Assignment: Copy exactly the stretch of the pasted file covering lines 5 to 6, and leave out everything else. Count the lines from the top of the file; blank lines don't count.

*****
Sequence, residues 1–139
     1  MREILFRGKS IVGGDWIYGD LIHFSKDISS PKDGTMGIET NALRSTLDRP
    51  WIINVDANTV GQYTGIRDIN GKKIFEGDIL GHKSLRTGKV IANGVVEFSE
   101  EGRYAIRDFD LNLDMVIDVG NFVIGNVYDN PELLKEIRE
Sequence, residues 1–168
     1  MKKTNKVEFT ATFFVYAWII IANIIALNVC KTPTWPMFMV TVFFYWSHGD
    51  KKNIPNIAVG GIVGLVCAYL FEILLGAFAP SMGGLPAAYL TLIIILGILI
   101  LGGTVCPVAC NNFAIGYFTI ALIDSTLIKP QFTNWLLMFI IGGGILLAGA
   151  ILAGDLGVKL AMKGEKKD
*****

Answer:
Sequence, residues 1–168
     1  MKKTNKVEFT ATFFVYAWII IANIIALNVC KTPTWPMFMV TVFFYWSHGD